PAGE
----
Future changes in hydro-climatic extremes in the Upper Indus, Ganges, and Brahmaputra River basins

PLoS One. 2017 Dec 29;12(12):e0190224. doi: 10.1371/journal.pone.0190224. eCollection 2017.


Future hydrological extremes, such as floods and droughts, may pose serious threats for the livelihoods in the upstream domains of the Indus, Ganges, Brahmaputra. For this reason, the impacts of climate change on future hydrological extremes is investigated in these river basins. We use a fully-distributed cryospheric-hydrological model to simulate current and future hydrological fluxes and force the model with an ensemble of 8 downscaled General Circulation Models (GCMs) that are selected from the RCP4.5 and RCP8.5 scenarios. The model is calibrated on observed daily discharge and geodetic mass balances. The climate forcing and the outputs of the hydrological model are used to evaluate future changes in climatic extremes, and hydrological extremes by focusing on high and low flows. The outcomes show an increase in the magnitude of climatic means and extremes towards the end of the 21st century where climatic extremes tend to increase stronger than climatic means. Future mean discharge and high flow conditions will very likely increase. These increases might mainly be the result of increasing precipitation extremes. To some extent temperature extremes might also contribute to increasing discharge extremes, although this is highly dependent on magnitude of change in temperature extremes. Low flow conditions may occur less frequently, although the uncertainties in low flow projections can be high. The results of this study may contribute to improved understanding on the implications of climate change for the occurrence of future hydrological extremes in the Hindu Kush-Himalayan region.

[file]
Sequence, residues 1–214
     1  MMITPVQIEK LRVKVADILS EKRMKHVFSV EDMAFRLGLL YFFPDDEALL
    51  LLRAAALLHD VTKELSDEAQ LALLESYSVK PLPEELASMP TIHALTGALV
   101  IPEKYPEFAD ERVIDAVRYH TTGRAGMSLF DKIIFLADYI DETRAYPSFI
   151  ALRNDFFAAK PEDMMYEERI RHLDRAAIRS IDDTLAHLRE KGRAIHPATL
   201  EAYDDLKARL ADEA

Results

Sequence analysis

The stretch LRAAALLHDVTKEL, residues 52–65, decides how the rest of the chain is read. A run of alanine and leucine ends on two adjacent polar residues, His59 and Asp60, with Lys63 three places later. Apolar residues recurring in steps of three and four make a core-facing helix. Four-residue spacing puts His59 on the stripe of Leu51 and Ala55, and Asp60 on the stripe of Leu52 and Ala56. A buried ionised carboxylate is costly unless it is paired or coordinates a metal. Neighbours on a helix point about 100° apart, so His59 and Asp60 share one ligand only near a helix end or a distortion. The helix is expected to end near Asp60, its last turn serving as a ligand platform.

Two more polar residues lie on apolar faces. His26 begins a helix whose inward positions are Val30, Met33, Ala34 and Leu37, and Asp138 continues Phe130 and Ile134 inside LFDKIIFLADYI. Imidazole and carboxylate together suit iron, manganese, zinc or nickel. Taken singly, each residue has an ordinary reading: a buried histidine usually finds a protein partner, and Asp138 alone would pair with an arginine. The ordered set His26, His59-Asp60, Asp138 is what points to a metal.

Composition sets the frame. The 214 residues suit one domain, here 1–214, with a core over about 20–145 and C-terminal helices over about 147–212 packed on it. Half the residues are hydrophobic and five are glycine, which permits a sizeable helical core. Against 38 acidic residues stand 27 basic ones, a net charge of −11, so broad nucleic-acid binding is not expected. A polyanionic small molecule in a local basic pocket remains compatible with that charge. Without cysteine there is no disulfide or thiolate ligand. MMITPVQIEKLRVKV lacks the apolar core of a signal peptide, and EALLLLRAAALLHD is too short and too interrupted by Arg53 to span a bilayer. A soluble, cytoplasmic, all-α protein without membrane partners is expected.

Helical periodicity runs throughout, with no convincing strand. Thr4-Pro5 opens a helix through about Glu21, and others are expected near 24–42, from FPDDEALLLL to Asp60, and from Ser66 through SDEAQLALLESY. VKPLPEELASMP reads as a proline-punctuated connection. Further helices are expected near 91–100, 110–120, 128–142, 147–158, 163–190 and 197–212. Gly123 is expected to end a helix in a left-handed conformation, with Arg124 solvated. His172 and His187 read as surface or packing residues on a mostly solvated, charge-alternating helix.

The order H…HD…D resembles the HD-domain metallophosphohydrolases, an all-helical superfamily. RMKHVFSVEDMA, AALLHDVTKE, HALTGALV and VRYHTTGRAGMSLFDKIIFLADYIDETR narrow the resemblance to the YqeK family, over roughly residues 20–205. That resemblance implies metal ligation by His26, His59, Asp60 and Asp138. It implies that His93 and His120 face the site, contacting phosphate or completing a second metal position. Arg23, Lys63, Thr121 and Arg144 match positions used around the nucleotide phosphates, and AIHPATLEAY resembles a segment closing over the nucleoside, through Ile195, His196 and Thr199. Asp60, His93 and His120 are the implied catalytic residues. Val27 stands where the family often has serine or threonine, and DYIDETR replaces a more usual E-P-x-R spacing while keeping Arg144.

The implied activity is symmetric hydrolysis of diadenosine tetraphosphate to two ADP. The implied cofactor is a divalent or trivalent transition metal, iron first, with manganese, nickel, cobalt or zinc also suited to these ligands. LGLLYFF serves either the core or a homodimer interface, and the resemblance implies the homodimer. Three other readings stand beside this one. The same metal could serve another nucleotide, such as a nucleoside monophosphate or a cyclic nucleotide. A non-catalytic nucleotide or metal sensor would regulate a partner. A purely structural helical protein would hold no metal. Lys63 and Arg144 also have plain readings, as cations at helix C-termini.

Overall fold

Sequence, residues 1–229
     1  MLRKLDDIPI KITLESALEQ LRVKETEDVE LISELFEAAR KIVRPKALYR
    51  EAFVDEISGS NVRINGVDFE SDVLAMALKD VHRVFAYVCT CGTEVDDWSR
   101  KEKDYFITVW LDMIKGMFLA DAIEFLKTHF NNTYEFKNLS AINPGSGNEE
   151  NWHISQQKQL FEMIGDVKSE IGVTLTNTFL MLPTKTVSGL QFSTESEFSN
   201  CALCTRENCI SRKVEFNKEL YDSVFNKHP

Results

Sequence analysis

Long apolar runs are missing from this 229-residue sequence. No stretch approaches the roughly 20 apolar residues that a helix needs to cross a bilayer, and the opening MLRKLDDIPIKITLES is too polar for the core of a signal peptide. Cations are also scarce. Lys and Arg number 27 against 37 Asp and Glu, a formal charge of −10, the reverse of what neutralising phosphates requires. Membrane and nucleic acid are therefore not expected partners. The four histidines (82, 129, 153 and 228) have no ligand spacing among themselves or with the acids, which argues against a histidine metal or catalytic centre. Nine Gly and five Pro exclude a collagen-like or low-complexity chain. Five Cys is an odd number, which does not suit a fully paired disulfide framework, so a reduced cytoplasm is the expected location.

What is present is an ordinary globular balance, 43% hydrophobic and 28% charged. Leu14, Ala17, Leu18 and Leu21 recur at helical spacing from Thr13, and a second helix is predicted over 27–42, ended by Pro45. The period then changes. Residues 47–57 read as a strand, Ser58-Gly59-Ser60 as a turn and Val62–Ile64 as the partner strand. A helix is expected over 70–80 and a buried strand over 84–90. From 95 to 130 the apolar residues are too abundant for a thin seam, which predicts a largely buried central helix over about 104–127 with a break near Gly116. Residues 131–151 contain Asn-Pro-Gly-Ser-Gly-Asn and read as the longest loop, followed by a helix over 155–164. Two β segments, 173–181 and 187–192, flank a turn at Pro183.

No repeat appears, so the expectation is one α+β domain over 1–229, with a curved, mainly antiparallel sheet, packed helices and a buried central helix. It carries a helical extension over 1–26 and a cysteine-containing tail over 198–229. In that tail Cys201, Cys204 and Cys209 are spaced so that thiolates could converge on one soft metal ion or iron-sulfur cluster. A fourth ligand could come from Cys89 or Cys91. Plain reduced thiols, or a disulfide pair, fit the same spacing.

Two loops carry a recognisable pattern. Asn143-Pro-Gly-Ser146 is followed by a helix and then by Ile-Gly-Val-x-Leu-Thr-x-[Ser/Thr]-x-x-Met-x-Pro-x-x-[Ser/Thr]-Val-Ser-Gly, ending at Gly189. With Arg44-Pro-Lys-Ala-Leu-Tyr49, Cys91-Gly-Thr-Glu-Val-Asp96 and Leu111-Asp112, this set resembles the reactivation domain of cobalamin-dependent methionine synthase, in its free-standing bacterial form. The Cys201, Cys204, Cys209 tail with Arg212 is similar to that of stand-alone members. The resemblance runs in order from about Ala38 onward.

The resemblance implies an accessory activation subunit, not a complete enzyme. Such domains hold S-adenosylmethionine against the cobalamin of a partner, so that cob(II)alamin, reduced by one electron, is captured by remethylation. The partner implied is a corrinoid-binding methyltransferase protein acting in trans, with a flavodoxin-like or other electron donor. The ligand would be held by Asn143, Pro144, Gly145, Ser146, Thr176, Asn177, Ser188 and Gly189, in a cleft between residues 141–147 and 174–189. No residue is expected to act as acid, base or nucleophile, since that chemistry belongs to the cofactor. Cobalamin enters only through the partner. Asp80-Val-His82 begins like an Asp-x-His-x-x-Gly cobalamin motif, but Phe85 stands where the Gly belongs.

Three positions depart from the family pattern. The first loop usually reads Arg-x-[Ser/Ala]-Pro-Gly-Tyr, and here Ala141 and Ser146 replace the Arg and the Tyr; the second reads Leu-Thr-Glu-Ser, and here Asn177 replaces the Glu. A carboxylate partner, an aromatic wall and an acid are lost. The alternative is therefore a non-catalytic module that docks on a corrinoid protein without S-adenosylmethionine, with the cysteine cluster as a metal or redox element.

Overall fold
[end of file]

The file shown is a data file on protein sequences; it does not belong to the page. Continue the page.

Publication types

  • Research Support, Non-U.S. Gov't

MeSH terms

  • Climate*
  • Ecosystem*
  • India
  • Nepal
  • Rivers*

Grant support

This work was carried out as part of the Himalayan Adaptation, Water and Resilience (HIAWARE) consortium under the Collaborative Adaptation Research Initiative in Africa and Asia (CARIAA) with financial support from the UK Government’s Department for International Development (DFID) and the International Development Research Centre (IDRC), Ottawa, Canada. This work was also partially supported by core funds of ICIMOD contributed by the governments of Afghanistan, Australia, Austria, Bangladesh, Bhutan, China, India, Myanmar, Nepal, Norway, Pakistan, Switzerland, and the United Kingdom. This project has received funding from the European Research Council (ERC) under the European Union’s Horizon 2020 research and innovation programme (grant agreement No 676819). This work is part of the research programme VIDI with project number 016.161.208, which is (partly) financed by the Netherlands Organisation for Scientific Research (NWO). DFID and IDRC funds the HI-AWARE consortium, of which ICIMOD and FutureWater are consortium members. These funds partly supported the contributions of RRW, AFL, SN, SK, SP, ABS, and WWI. ICIMOD core funds partly funded the contributions of SN, SK, SP, and ABS. ERC partly funded the contribution of WWI through grant agreement 676819. VIDI partly funded the contribution of WWI through project 016.161.208. RRW, AFL, SK, and WWI are employed by FutureWater. FutureWater provided support in the form of salaries for authors RRW, AFL, SK, and WWI, but did not have any additional role in the study design, data collection and analysis, decision to publish, or preparation of the manuscript. The specific roles of these authors are articulated in the ‘author contributions’ section.